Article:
April 19, 2009 19:53 – 19:53

Our final morning in France was not fun. Not fun at all. For starters, we lost the hotel key card. Because you need it to operate the hotel elevator, this meant we had to take all of our stuff down in one load—without the benefit of a luggage cart. Either that, or spend precious time getting a replacement key at the front desk.

In our haste—we were running a bit late—we neglected to actually check out of the hotel properly. Hopefully, everything there was taken care of, but we don’t really know yet. I hope they enjoy the Czech fan and baguette we left in the room.

When trying to pay for parking, the parking machine was rejecting Karen’s credit card (so were the toll booths), but we weren’t really sure of that fact until we took the parking ticket and tried to exit the gate. It said we hadn’t paid. This meant an additional five minute delay.

We took the rental car to where we thought Europcar is, but after parking it, we were informed that we were in the wrong place. Mind you, this place was fully staffed with humans, so it might have been a wonderful place to leave the rental car.

But, we got back into the car and drove to the correct location—in Terminal 1 at the airport—which was very difficult because there was a lack of sign continuity. More time lost.

After finding the correct location, I spent another 10 minutes looking for the rental office itself. When I found it, the sign announced its Sunday hours as 8 am to 8 pm. Great. Except that nobody was there, and another sign said we needed to go to the Arrivals level of the airport to area 26. Another 15 minutes lost. In our haste and irritation the night before, I had forgotten to fill the tank up. So, we turned the car in with the tank practically empty. So, they will fill the tank at a cost of about .3€ per litre more than I could have done it at a regular gas station. So, throw in a large dose of uncertainty, since we never got the final rental receipt for the car. I just checked my American Express account online, and today’s transactions aren’t on it yet. So, the jury is still out

Edit: Got the verdict from EuropCar, and it wasn’t as bad as it might have been. Petrol was way more expensive than I thought they’d charge, and they added a “refueling fee” on top of the charge for fuel itself–totaling about 105 Euros (effectively costing $142 for 13 gallons of diesel, compared to the 50 Euros it would have cost me at the pump). They inflated the “road fee” by about $16 (which AutoEurope is refunding), so all in all, it wasn’t terrible. About $85/day for the car rental, all told. AutoEurope is great, by the way. We might use them again. Not so sure about EuropCar, however, given how poorly they staff their vehicle return locations.

After many more episodes of uncertainty and ambiguity, we finally did manage to check in and make it to the gate for our flight—they were already boarding. Unfortunately, this meant that we had to take our seats in the plane without first being able to use the rest room.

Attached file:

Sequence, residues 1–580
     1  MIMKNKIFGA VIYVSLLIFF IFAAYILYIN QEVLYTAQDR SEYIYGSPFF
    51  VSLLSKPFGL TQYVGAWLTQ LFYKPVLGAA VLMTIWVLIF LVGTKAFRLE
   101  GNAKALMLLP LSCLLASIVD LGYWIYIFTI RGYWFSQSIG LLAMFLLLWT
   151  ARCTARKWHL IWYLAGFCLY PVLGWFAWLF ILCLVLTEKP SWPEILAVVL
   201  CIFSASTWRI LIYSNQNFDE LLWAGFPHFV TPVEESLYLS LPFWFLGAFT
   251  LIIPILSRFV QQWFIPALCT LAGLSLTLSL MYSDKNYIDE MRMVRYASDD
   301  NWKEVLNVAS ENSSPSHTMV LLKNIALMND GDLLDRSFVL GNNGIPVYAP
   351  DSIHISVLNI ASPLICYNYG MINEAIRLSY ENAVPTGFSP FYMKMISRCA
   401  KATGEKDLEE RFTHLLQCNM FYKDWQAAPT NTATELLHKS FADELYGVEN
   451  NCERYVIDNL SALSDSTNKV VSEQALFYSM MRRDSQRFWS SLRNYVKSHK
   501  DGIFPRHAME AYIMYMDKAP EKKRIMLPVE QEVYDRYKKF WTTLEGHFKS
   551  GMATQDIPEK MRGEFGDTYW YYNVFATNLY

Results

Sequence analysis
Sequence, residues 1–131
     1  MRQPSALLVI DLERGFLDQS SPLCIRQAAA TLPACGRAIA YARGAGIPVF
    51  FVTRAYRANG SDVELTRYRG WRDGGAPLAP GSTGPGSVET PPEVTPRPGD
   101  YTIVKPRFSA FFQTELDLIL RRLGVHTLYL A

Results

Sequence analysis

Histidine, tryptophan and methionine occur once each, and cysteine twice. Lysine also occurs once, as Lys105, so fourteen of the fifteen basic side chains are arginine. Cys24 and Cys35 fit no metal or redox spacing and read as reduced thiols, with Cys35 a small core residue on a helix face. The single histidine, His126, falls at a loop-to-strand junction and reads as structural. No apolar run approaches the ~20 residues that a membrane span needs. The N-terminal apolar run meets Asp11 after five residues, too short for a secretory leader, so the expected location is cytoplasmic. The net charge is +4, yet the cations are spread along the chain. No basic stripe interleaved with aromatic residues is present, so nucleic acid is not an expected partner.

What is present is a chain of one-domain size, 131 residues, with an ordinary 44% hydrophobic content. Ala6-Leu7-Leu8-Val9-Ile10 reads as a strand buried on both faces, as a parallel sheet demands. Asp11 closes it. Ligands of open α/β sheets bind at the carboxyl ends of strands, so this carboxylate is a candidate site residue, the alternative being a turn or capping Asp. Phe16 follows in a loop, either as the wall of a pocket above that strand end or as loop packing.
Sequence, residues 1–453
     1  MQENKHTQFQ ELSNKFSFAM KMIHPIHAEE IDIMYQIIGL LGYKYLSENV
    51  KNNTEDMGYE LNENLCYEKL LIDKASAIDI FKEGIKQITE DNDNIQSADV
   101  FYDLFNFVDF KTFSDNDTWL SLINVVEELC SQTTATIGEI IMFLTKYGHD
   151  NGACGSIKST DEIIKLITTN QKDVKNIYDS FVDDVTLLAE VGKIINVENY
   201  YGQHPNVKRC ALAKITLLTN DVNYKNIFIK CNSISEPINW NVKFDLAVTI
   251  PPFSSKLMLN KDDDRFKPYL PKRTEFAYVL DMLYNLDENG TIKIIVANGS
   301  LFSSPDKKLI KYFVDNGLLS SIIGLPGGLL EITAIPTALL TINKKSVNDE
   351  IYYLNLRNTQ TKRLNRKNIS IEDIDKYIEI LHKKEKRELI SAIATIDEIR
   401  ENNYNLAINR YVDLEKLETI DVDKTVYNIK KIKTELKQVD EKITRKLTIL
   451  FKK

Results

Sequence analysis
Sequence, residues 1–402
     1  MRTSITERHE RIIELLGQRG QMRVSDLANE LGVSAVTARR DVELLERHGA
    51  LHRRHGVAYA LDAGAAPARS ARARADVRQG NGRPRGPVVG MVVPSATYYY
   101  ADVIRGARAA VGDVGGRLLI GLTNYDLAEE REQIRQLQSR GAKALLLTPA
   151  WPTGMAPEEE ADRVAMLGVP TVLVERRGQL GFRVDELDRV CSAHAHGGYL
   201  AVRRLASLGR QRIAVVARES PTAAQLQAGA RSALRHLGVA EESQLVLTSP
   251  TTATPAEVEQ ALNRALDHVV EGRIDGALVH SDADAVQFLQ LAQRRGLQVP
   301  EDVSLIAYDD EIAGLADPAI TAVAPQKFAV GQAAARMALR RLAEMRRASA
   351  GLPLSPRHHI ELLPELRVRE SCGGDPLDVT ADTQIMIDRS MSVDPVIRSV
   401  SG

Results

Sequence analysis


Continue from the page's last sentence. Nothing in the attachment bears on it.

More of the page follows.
On the bright side, the flight actually departed on time and got into Dulles a little early. The flight was full, but Karen & I both had aisle seats close together, so we were able to stretch our legs a bit.

I was seated next to a young French-Vietnamese teacher who was on her way to teach for two weeks at the Michelin French School in Greenville, SC. Michelin has their North American HQ there, and they have a French school for their French employees who work in the U.S. Everything in the school is taught in French (except for English, I would guess), so it provides cultural continuity for the children of Michelin employees.

My wonderful sister Sharon picked us up at Dulles—in our van. This was good because it meant that Sharon didn’t have to use her own gas. It also meant we didn’t have to transfer stuff from one car to another. In any event, we’re now home, and very jet-lagged. For dinner, we ordered a large Greek salad and pizza from Old Chicago on Huntington Avenue. They have excellent salads and pizza—and their other stuff is great, too. They deliver to about a 4 mile radius, so if you’re within their sphere, you should give them a try sometime.

It turns out that we’re accidental smugglers. We’d bought some fruit—apples, oranges, and a mandarin orange—at a grocery store somewhere—I think it was in France on the way to Prague. We ate some of the fruit while we were there, but lost track of it… until we got home, and I discovered an apple, an orange, and a mandarin orange in our luggage. This, after telling the kind folks at customs that we didn’t have any fruit. Mind you, the U.S. Department of Agriculture had a trained bloodhound there sniffing people’s luggage, looking for precisely what we were carrying. But, the cute little pooch completely ignored our luggage. In any case, although we didn’t know it, we were accidental smugglers. I’ve already eaten a third of the evidence, and will take care of the rest tomorrow.

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